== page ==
Hi, all. after some help with my AVX mount I recently purchased. It's unguided tracking is appalling. To give an example I get start trails at 1 to 1 1/2 seconds and planets will disappear from a 30mm eye peace in about 5 minutes.
Mount is a an early build unit, (6 pin connectors electronics). Mechanically on purchase it was OK., but hadn't been used for a number of years. After my first night with it, where it didn't track, I overhauled both RA and DEC bearings.. RA now has tapered bearing upgrade and you can spin it like a propeller with an 8SE fitted.(scary to watch) DEC is really good. Back lash in both RA and DEC is fine (both spur and worm drives). I am mech engineer by profession, setting up gears is something I am pretty comfortable with.
Set up. This is my first GEM. So getting a southern polar alignment has been a challenge from Perth given how faint the stars are you have to use. Having said that last night after 3 hours I felt confident i had it aligned. Is there some way once you have done a GOTO alignment for it to tell you how close your polar alignment is?
Yes! From the "Ready" prompt, press ALIGN, scroll to Polar Align and press ENTER.
Scroll to Display Align and press ENTER.
The alignment errors in Az and El are displayed.
GOTO performance is fine using a 2 star alignment plus 4 calibration stars, items appear either within a 13mm eye piece or on my camera view area. (canon 80D live view).
Mode - South EQ
I run the mount calibration before use it
Scope: 8SE. all up weight is 14 pounds with camera, 12.5 for visual viewing.
pic is Jupiter and surrounds showing trails for all objects at 5.4 seconds
Let's see... the 8SE has a focal length of 2032 mm and the Canon 80D has an APS-C size chip (22.5×15 mm). This gives a FOV of 0.63° × 0.42°.
A 13 mm eyepiece produces 156X magnification. If the EP has 70° AFOV, the TFOV is 0.45°.
If your go-tos are accurate enough to place objects close to center of these FOVs, then your alignment is good enough to produce good results using the ASPA ("Any Star Polar Alignment") routine built into the hand controller (scroll to Align Mount instead of Display Align above, press ENTER, and follow the prompts, but read the instructions in the manual first). I recommend you try that. Note that ASPA assumes that the mount base is level; if it's sufficiently off level, the accuracy of ASPA's alignment will be compromised, but "reasonably close" to level is likely more than sufficient.
Balance. I played for hours with RA balance it see if minor changes improves it, and it is very touchy to even 5mm movement from neutral in the position of weight as to how fast it tracks off the target. Best I can get is a planet on screen for 15 minutes. DEC balance, I do pencil balance my gear and mark them on my scope, due to the known stiction in the Dec but I did notice last night, after I finished it was a touch out for the configuration. (Dec now spins pretty freely)..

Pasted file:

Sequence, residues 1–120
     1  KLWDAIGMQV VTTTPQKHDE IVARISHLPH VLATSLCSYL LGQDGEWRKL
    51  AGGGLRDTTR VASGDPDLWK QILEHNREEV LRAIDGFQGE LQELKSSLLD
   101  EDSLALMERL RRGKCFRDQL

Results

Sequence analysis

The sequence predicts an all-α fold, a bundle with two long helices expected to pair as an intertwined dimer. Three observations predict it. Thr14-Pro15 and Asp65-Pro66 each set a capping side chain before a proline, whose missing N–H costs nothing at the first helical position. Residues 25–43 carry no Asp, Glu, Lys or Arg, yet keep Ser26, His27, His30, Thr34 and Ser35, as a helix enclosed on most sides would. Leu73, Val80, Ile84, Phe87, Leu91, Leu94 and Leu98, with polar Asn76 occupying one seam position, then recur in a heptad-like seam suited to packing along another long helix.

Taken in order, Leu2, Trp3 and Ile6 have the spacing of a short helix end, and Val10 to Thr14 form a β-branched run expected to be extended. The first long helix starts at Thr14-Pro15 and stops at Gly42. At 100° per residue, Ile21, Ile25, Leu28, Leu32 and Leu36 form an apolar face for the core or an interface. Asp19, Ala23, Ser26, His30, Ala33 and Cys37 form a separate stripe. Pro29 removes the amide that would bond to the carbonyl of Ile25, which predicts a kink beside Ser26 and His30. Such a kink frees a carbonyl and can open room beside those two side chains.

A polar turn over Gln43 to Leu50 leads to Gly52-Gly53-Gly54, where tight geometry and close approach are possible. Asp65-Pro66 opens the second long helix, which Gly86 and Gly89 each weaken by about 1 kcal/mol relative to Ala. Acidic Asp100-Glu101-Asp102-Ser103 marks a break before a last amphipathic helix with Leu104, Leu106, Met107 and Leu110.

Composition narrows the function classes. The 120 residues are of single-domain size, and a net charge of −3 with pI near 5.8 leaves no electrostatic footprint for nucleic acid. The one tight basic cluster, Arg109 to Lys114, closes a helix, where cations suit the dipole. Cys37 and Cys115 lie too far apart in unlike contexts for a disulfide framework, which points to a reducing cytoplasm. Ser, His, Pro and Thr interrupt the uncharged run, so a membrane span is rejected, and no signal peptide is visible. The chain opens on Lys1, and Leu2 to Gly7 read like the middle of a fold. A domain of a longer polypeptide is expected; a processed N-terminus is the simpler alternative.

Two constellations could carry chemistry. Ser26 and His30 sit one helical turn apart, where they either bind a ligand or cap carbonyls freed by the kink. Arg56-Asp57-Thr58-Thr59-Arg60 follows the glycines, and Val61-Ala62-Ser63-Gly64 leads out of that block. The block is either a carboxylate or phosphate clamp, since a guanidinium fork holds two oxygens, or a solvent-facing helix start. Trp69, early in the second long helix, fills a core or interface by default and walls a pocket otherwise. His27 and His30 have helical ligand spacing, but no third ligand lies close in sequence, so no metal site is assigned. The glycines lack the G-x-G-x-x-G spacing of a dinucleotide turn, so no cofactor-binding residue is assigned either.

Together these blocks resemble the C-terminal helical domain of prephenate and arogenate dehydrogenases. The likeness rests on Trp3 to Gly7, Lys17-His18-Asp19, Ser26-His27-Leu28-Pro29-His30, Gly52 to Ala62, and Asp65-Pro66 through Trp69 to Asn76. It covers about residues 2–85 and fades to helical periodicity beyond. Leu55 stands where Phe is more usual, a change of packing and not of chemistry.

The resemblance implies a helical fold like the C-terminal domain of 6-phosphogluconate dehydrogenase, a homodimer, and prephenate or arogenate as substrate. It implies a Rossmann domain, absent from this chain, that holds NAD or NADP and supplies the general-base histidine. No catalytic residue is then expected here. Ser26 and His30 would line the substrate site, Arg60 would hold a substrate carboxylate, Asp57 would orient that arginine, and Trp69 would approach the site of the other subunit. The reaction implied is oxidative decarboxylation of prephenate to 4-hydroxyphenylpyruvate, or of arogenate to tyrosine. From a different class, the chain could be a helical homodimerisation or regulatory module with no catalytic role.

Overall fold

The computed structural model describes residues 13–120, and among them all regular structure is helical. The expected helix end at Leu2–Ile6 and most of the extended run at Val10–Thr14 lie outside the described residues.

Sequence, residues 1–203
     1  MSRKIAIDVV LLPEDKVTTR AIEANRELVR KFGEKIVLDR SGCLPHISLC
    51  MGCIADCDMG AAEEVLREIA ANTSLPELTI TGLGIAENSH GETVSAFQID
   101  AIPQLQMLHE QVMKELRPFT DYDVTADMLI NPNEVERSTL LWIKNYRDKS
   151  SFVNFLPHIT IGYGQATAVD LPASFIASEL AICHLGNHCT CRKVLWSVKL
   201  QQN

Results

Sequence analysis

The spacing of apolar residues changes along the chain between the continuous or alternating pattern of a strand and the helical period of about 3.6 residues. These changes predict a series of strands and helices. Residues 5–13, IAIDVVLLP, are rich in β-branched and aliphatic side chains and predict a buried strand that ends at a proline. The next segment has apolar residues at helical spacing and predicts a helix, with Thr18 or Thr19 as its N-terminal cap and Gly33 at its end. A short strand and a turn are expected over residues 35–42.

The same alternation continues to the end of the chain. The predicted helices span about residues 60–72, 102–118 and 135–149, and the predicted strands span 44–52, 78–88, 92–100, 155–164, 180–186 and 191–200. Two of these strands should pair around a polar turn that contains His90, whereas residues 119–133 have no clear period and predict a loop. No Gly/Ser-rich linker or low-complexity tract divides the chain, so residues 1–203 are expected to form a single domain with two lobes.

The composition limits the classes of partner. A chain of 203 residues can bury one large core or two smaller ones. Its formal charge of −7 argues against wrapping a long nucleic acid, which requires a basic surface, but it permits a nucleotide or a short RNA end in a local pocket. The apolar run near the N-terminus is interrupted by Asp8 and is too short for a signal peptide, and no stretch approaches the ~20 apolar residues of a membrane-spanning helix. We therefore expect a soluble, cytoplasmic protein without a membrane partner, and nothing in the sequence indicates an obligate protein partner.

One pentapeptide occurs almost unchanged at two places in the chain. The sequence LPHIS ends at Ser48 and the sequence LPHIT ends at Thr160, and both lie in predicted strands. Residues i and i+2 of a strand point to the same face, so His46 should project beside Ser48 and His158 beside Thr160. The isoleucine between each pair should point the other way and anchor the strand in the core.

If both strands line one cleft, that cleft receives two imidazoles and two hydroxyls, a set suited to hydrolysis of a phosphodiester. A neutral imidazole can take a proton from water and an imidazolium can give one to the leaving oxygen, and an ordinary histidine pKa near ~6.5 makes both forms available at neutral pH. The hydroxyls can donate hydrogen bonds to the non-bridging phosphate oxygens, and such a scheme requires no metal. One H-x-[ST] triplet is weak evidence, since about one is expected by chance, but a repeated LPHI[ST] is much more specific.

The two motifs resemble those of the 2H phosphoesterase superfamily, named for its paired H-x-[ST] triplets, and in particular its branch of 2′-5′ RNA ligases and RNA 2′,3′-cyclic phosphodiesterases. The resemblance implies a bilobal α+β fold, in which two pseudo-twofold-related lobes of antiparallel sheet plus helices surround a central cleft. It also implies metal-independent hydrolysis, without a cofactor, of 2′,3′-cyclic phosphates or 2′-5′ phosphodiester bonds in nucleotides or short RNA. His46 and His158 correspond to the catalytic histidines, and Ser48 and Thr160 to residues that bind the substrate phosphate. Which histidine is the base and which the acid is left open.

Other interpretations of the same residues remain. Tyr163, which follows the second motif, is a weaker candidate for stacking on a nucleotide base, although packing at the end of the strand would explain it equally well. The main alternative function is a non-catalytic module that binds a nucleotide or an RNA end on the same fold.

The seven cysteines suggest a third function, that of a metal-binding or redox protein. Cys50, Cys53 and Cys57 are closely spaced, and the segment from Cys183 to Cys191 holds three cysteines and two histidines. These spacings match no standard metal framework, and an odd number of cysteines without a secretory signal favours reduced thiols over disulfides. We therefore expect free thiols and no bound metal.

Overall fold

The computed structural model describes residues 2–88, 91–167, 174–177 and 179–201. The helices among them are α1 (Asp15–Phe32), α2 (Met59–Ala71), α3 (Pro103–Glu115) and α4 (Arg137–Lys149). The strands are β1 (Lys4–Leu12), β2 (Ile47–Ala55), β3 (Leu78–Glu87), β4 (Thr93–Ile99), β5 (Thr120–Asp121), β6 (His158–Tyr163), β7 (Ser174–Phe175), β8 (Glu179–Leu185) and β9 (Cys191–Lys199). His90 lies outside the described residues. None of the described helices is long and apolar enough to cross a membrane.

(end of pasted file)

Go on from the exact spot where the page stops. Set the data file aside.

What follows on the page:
Funny thing is it seems to track the moon fine when I set it to lunar or even in sidereal, both before and post overhaul.
Is there any way to determine/ measure what rate the RA sidereal is rotating at?
Probably the easiest way to confirm the the tracking rate is to point at a star close to the celestial equator and time how long it takes it to drift a known angle. Rotate your camera so that movement in Dec is parallel to one of the edges and RA is parallel to the other and use the angular size of the FOV as a reference. You can check those numbers above by turning tracking off and timing how long it takes a star to drift from one edge to the other.
Approximate formula (star close to equator):
A ≈ t × Ω
where A is the angle of drift, t is time and Ω (Omega) is sidereal rotation rate. Ω = 7.2921150×10−5 radian/second = 0.004178°/second.
More accurately, it's
Angle = t × Ω × cos(Dec)
but if you use a star within a couple of degrees of the equator, the added term is effectively 1, and you don't have to worry about it (and the process takes less time!)
If you turn sidereal tracking back on, the mount is tracking at some rate ω (omega). Ideally, ω = Ω. If you have the wrong hemisphere set in the tracking mode, ω = −Ω.
The angle of drift after a given time t with tracking on becomes:
A' = t (Ω − ω) cos(Dec)
at Dec = 0
A' = t (Ω − ω)
ω = Ω − A' / t
Using your numbers and assuming the problem is an incorrect tracking rate, with an object at the equator moving from the center of your 30 mm FOV to the edge in 5 minutes...
A 30 mm EP with AFOV of 50º results in 68X with 0.74º TFOV. Center to edge is half that: 0.74º / 2 = 0.37º.
ω = Ω − (±0.37º / 300 sec) [± because we don't know if it's too fast or too slow.]
= 0.004178°/sec − 0.001230°/sec = 0.002948°/sec (about 30% slower than sidereal)
= 0.004178°/sec + 0.001230°/sec = 0.005408°/sec (about 30% faster than sidereal)
Neither of these seem very likely.
Backlash compensation has been set, and is good. Mount moves instantly and smoothly in both direction. Really nice in that area.
Is there any other checks I can do etc to see what the problem is? Sending to Celestron from Australia, is not an option!!
What is a realistic expectation for a AVX to track unguided at that focal length? Having said that it I don't expect it to lose a planet like it does now! My one arm Alt- Az bandit tracks better than this thing does.
My first guess would be that you aren't correctly polar aligned and it's drifting significantly in declination. [But a later reply says otherwise]
That's a long focal length. IMO it's not realistic to expect to track unguided for very long at all using an AVX with a FL > 2m. Most likely less than a minute.
The trailing in your embedded image looks like it could be due to shake, not tracking problems, though.
I have no clue why this would not be apparent for the moon, too. The difference between mean Lunar and Sidereal rates is only about 3%. Something is inconsistent here.
[Edit to correct notation error.]
Edited by SkipW, 06 August 2020 - 09:36 AM.